If, by any chance, you are planning to visit Poland, don’t forget to bring your bike. Driving a narrow track beside a road in a suburban area, an action that might have been risky in the past, was turned into an exciting experience.
Last week The Hague hosted the 12th edition of TodaysArt, a festival dedicated to contemporary experiments in music, art and digital culture. As the event – called “Public Under Construction” – incorporated meetings, performances, installations and concerts all focused on the future, it gave more questions than answers. Some of them are worth pointing out.
Is it a tunnel? Is it a bridge? No, it is a combination of both! The Norwegian Public Roads Administration (NPRA) proposed an underwater tunnel hanging from floating pontoons from the southern city of Kristiansand to Trondheim in the north. Now travellers are facing seven ferry crossings and a drive of 21 hours to overpass the western coastline. According to Wired, the infrastructure could cost over 22 billion euros.
Earlier this month, a group of Palestinian journalists published a statement accusing Google of deleting Palestine from Google Maps. The truth is, Google never acknowledged Palestine in the first place. In their pursuit of mapping the physical world online, these companies simultaneously shape our understanding of it too. This makes us wonder if the map really is the territory.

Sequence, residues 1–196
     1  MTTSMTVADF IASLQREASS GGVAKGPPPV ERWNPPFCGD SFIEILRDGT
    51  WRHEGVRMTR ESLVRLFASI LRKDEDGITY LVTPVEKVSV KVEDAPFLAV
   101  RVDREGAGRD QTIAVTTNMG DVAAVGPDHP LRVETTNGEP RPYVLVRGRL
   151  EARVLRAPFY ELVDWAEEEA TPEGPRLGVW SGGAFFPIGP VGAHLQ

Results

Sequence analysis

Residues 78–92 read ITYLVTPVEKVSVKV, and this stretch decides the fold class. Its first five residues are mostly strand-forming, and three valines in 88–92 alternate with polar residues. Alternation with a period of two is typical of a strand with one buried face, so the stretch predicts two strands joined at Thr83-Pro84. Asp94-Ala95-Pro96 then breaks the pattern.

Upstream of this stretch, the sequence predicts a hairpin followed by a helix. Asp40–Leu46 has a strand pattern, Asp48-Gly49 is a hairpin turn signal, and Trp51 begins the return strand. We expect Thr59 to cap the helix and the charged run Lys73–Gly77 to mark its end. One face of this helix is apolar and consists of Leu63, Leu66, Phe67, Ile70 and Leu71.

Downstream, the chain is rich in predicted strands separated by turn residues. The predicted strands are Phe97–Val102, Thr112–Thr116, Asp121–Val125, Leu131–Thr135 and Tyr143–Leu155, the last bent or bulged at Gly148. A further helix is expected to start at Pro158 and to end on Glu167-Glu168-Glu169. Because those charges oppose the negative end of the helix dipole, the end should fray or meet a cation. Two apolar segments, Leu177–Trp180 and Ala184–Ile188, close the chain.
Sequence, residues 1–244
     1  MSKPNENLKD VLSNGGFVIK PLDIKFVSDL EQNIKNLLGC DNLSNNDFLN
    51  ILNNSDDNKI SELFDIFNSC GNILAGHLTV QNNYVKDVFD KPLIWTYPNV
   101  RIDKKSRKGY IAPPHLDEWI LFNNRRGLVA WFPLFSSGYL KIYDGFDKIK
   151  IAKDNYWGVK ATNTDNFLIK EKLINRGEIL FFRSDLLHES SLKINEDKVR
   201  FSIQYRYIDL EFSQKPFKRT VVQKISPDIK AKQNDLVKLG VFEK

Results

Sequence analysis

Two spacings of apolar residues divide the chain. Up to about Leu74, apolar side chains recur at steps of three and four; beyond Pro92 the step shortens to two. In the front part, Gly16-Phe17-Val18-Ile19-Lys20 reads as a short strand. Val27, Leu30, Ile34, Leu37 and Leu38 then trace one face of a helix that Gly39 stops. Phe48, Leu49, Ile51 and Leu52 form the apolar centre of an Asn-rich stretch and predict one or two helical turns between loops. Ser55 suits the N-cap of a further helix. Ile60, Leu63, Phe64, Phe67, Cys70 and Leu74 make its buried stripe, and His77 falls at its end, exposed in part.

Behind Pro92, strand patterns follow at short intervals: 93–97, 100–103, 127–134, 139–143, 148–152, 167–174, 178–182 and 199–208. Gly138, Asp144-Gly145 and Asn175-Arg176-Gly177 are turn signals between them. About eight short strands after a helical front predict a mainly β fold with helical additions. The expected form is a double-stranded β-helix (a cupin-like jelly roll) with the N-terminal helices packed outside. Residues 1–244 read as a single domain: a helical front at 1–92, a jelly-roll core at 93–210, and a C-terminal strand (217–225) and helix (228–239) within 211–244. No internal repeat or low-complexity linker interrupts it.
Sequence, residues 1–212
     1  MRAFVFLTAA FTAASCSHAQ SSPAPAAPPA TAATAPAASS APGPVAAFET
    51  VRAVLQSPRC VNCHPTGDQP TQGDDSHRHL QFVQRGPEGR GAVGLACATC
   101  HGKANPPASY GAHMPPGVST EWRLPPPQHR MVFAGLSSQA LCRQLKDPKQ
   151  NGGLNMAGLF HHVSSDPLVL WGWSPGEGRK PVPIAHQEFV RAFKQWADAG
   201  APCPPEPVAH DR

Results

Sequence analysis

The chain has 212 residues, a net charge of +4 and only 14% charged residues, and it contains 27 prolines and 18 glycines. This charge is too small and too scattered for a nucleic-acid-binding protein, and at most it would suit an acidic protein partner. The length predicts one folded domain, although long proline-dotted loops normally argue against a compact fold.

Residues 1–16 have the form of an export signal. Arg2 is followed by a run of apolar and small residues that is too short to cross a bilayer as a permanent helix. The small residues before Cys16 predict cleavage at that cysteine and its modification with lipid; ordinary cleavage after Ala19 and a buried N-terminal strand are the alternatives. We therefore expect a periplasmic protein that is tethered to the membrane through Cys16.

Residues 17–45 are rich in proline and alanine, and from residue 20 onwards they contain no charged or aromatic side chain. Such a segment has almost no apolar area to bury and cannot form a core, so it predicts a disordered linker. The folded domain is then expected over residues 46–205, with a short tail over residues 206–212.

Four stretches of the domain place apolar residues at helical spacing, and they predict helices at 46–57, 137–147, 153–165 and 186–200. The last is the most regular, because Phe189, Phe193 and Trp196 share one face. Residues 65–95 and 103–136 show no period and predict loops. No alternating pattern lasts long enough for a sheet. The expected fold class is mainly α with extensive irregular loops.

The 5th largest airline in the United States, JetBlue, is growing potatoes at Terminal 5 at New York’s John F. Kennedy International Airport. The urban organic garden was built from a large amount of stacked recycled milk crates and can produce approximately 1.000 pounds of potatoes per season, and about 2.000 herb plants. The signature potatoes are, indeed, blue.
As the saying goes “imitation is the sincerest form of flattery”, so Hallstatt – a small UNESCO World Heritage city in central Austria – can feel really proud. Among numerous fake Italian villas and French palaces, it is the only village in the world entirely copied and rebuilt in China. State-owned developer Minmetals constructed it in the suburbs of Huizhou, in the southern part of the country.